The Most Deserving runs through May 4 at NY City Center Stage II, 131 West 55th St., NYC. Performances are Tuesday through Saturday evenings at 7:30 pm with matinees Saturdays and Sundays at 2:30 pm. Tickets: www.NYCityCenter.org; 212-581-1212.

Christians might also like to know:
-- Trieschmann was a recipient of Masterwork Productions'The Lights Are Bright on Broadway Award for How the World Began. The honor was awarded to individuals making a difference through faith in the Broadway community.
-- Language

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Our reviews are professional reviews written without a religious bias. At the end of them, you can find a listing of language, content or theological issues that Christians might want to know about when deciding which shows to see.

** Mature indicates that the show has posted an advisory because of content. Usually this means I would recommend no one under the age of 16 attend.

Theater Critic Lauren Yarger

Theater Critic Lauren Yarger

My Bio

Lauren Yarger has written, directed and produced numerous shows and special events for both secular and Christian audiences. She co-wrote a Christian musical version of “A Christmas Carol” which played to sold-out audiences of over 3,000 in Vermont and was awarded the 2000 Vermont Bessie (theater and film awards) for “People’s Choice for Theatre.” She also has written two other dinner theaters, sketches for church services and devotions for Christian artists.

Yarger trained for three years in the Broadway League’s Producer Development Program, completed the Commercial Theater Institute's Producing Three-Day Training and produced a one-woman musical about Mary Magdalene that toured nationally and closed with an off-Broadway run.

She was a Fellow at the National Critics Institute at the O'Neill Theater Center in Waterford, CT. She writes reviews of Broadway and off-Broadway theater (the only ones you can find in the US with an added Christian perspective) at http://reflectionsinthelight.blogspot.com/.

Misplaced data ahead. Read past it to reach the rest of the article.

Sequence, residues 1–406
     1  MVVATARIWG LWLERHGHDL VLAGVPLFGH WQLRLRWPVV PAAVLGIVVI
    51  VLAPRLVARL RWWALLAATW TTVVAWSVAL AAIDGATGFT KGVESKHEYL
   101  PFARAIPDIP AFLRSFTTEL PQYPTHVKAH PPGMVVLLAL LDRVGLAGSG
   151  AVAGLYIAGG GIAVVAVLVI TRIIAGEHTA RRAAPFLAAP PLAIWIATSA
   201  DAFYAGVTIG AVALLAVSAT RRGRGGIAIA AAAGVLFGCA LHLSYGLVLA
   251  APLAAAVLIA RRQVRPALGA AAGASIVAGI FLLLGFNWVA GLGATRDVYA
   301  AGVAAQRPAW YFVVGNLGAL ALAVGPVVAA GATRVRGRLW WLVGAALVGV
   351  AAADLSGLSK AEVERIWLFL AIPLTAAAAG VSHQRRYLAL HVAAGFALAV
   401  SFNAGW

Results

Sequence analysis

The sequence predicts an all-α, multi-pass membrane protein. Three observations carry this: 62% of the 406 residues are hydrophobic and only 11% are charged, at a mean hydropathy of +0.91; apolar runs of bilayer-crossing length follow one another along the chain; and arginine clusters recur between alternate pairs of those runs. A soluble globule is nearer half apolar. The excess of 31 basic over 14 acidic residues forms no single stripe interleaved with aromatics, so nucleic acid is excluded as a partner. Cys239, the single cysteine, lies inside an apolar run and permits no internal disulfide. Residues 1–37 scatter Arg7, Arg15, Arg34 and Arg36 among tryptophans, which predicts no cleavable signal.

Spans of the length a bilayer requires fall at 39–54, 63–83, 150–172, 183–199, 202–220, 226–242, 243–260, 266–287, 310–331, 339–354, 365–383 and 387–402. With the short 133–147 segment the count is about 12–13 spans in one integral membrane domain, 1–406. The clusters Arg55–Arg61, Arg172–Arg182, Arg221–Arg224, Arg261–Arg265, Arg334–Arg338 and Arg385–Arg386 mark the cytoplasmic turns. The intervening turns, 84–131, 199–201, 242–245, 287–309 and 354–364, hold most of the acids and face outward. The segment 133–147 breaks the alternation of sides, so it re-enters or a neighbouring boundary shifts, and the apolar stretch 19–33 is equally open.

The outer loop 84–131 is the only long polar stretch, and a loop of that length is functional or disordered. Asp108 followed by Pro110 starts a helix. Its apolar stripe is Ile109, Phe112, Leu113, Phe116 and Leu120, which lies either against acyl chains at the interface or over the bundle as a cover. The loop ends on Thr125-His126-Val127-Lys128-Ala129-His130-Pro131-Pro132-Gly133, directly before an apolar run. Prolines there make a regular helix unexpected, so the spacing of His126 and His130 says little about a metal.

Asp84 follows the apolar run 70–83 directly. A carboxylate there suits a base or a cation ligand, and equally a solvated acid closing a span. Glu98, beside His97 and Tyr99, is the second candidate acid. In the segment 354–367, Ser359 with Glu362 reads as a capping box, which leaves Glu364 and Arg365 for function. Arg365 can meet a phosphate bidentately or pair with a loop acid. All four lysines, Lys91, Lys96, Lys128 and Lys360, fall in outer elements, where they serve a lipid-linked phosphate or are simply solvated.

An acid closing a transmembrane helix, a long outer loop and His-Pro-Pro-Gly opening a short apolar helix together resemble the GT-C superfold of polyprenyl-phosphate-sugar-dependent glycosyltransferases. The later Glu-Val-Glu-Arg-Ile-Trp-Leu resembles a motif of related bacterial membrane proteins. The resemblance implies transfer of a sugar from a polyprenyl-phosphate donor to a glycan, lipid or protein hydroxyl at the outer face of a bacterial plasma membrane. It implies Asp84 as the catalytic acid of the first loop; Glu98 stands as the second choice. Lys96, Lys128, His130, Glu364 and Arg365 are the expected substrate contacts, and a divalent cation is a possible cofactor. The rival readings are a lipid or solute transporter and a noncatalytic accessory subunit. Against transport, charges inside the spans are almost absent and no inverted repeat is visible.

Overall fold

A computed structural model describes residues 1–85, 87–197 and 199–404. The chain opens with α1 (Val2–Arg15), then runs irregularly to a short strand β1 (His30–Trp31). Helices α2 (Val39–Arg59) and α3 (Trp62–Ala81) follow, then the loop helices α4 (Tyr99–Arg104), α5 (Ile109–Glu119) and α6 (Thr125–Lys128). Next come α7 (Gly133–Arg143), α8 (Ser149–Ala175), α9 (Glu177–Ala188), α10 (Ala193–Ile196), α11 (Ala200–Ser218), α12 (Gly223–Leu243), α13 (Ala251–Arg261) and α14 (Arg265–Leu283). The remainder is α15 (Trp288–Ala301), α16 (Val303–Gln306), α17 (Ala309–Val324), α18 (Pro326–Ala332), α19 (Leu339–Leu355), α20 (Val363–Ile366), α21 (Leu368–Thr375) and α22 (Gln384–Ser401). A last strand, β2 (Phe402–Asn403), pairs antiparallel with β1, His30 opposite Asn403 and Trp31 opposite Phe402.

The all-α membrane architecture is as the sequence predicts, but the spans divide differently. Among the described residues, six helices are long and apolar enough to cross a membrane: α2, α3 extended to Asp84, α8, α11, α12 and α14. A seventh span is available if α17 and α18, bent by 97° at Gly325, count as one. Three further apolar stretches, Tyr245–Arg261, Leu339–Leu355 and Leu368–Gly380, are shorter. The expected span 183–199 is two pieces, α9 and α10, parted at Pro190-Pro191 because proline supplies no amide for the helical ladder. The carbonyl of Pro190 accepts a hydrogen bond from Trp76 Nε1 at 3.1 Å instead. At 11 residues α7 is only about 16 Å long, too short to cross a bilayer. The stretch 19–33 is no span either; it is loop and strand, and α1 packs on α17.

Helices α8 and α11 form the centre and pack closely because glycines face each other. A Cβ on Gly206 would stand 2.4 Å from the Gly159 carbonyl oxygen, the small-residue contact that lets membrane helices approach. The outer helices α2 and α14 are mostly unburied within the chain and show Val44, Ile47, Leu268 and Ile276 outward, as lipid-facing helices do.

She is editor of The Connecticut Arts Connection (http://ctarts.blogspot.com), an award-winning website featuring theater and arts news for the state. She is a contributing editor for BroadwayWorld.com and is a theater reviewer for the Manchester Journal-Inquirer. She previously served as Connecticut theater editor for CurtainUp.com and as Connecticut and New York reviewer for American Theater Web.

Yarger is a book reviewer for Publishers Weekly and freelances for other sites. She is a member of the National Book Critics Circle.

She is a freelance writer and playwright and member of The Drama Desk, The Outer Critics Circle, The American Theater Critics Association and The League of Professional Theatre Women. She served as a judge for the SDX Awards presented by the Society of Professional Journalists. She also is a member of the Connecticut Critics Circle and the CT Press Club.

A former newspaper editor and graduate of the University of Missouri’s School of Journalism, Yarger also worked in arts management for the Bushnell Center for the Performing Arts, the Hartford Symphony Orchestra and served for nine years as the Executive Director of Masterwork Productions, Inc. She lives with her husband in West Granby, CT. They have two adult children.